108. Health

    I have M400 and have been very pleased with it but I have moved on to running longer distances in the mountain and need more battery life. Polar’s M400 does not last 8hrs in the mountains plus I would like something that last longer than 8hrs anyway but under 20hrs.

    Any recommendation? Garmin 230 and 630 are on my radar. A version of M400 with say 15hr battery life would have been good enough for me.

    • Pieter

      Yes it is pity Polar doesn’t e.g. has an option to customise the recording interval – so I got a Suunto Ambit 3 Run as well…

      I can also see the gradual degradation of my M400’s battery, I could reach ~8h in the beginning, after 1,5y I am glad if I can get 5,5h out of it , and then Polar sticks with the silly function that you can’t start a recording when the battery is on 10% – that is easily 30 mins – 1h left perhaps :(

      The manual states ‘The Polar M400 has an internal, rechargeable battery. Rechargeable batteries have a limited number of charge cycles. You can charge and discharge the battery over 300 times before a notable decrease in its capacity.’

  109. Nikos K.

    So, i come back to comment with new firmware installed.
    First of all, and most important for me, custom work outs working again. But there are 2 tweaks steps for success.

    Step 1 : Even if you don’t need time based or distance based workout (for example gym work out), you MUST add 1 sec “work step” before “rest step”. For example, my pull bar work out. For M400 to count sets correctly i had to set 1 “sec work” step, 30sec “rest step” and transition from work to rest “manually”. That wasn’t a problem with two versions older firmware.

    Step 2 : After “Warm Up” step you MUST set transition (from warm up to work) to “Manually”, not automatic. If you do leave it “Auto” you will end up with missed and mess work out sets…. Again, That wasn’t a problem with two versions older firmware.

    So after 4 months, polar managed to semi correct custom work out programs. But keep in mind, 2 step mentioned above if you want trouble free Custom Work Out program.

  110. Mike J

    I recently did an update to the OS on my Samsung phone (to “marshmello” or some other goofy name) and ever since then I have to frequently cycle the phone’s bluetooth off and on in order to get the M400 to sync with the Polar android app. Just a heads-up to people out there.

    Got my M400 when they first became available in local stores in Wisconsin and the charging port still works (knock on wood). During the workweek I take one to three various loops in the business park, then when I return I slide some paper towel or napkin between the watchback and my wrist figuring it will wick some moisture away. Works for me so far.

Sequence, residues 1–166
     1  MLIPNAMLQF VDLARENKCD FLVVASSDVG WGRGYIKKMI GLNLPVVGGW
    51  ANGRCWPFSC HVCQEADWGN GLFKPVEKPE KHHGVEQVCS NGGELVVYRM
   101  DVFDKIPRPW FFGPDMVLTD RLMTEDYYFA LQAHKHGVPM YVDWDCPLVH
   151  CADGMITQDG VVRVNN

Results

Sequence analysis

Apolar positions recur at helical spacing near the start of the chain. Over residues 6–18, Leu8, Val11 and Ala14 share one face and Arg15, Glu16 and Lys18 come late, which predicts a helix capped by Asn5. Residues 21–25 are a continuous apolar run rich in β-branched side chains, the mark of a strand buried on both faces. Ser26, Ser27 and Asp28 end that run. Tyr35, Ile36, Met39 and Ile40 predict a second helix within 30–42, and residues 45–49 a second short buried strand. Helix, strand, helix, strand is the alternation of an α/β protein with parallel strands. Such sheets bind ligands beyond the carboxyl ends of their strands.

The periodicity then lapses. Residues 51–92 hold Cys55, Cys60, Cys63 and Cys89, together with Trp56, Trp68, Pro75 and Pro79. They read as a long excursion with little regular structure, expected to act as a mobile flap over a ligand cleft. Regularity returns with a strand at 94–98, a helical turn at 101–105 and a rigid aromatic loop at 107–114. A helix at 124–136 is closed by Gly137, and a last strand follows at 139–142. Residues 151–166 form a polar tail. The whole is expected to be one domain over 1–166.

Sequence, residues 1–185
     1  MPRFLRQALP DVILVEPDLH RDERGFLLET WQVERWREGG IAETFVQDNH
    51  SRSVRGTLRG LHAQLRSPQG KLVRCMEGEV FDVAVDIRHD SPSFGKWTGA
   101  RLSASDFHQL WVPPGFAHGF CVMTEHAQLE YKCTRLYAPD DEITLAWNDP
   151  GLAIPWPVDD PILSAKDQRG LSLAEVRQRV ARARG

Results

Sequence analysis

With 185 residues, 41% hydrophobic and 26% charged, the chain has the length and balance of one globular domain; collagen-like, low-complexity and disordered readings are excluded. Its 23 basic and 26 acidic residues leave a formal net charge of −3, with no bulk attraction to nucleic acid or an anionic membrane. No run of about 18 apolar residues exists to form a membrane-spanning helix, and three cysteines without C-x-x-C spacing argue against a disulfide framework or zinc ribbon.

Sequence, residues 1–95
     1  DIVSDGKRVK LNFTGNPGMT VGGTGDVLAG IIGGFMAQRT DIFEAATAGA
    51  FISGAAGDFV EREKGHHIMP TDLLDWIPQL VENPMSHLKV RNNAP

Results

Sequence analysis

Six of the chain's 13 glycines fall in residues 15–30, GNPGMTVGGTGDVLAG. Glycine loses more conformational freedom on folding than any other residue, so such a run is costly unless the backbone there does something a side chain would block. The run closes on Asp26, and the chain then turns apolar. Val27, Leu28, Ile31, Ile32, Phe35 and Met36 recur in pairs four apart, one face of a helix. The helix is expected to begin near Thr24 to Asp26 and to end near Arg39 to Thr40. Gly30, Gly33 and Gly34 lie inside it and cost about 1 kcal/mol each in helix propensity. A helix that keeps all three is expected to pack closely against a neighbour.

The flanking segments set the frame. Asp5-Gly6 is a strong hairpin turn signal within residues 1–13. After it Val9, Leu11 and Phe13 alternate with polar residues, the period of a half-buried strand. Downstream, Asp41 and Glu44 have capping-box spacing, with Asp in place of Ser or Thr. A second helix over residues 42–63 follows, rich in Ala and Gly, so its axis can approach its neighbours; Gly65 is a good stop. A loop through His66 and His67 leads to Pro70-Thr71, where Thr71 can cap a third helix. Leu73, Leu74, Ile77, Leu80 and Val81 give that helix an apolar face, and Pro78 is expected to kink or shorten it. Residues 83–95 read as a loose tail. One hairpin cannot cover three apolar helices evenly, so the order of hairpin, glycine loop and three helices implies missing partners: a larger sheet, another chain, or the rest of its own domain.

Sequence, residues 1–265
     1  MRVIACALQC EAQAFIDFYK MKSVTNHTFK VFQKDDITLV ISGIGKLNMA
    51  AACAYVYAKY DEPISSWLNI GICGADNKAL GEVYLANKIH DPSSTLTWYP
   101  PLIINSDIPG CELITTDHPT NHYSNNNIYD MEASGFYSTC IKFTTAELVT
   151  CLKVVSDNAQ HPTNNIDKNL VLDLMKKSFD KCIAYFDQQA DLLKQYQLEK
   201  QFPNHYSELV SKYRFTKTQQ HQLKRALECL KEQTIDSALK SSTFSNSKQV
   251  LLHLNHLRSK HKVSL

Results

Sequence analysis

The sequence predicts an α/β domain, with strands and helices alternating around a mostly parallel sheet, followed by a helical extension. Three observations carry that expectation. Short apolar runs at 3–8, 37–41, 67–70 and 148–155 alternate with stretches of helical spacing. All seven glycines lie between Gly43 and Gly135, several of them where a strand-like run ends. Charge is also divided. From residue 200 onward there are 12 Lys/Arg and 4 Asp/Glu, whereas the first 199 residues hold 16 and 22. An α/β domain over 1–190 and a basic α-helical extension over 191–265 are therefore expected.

If this watch ever goes bad I’ll probably switch back to a Garmin (whichever model I can afford whenever that happens), but for now it is working well for the most part. Sometimes I’ll get a goofy high HR reading from the Polar strap but probably just a poor skin connection since it seems to self-correct once some sweat forms.

    Anyway, mainly just posting to give a heads-up on issues with the android OS update possibly causing bluetooth pairing problems.

  111. Felix Alicea

    DC Rainmaker:

    I purchased a Polar M400 watch about a month ago. During that time I went for about 8 runs with the watch. Having read your review for this watch I was very careful with the rubber USB plug on the back of the device so that it would not get wet with sweat. Anyway, one day I pressed all the buttons and the watch would not respond. I sent it to Polar Tech support and they repaired the watch and sent it back. They said the device was corroded and to keep the port dry. They replaced the band with one that has no USB plug on it. I called them and they said that this was the latest band and it would be okay. What are your thoughts on this. Is this the latest band? Or are they pulling a fast one? As I said before the band I had previous to the repair had a USB plug to protect it from moisture. Please let me know ASAP since I may return the watch for a refund.

    All the best,
    Felix Alicea

    • It is correct, since roughly September of last year all new units ship without a USB plug/cover/thingy. Apparently the port is better waterproofed now.

    • Felix Alicea

      DC Rainmaker:

      Thanks for the quick response.

      All the best,
      Felix Alicea

    • runnershigh

      Hi Ray, are the new shipped units different in the dimensions than the “older” units?
      Is there any cheap alternative (other manufactor) to the electric H7-HR-Sender that also supports HRV transmitting as well?

  112. Rita

    Hi! How do you set up your name on M400’s face watch?
    Thanks in advance.

    • Moe

      Go to Settings > Watch Settings > Watch Face and then select the “Your name and time” option. You should get a “Watch face changed” message and you should be good to go.

  113. Michiel

    Hi, thanks Ray for the great work on tracking all equipment out there. I wonder if any one has the same issue as I have with the M400 after the latest firmware update; my watch stopped functioning. I cannot upload anything anymore to PC or flow app. Before it was fine.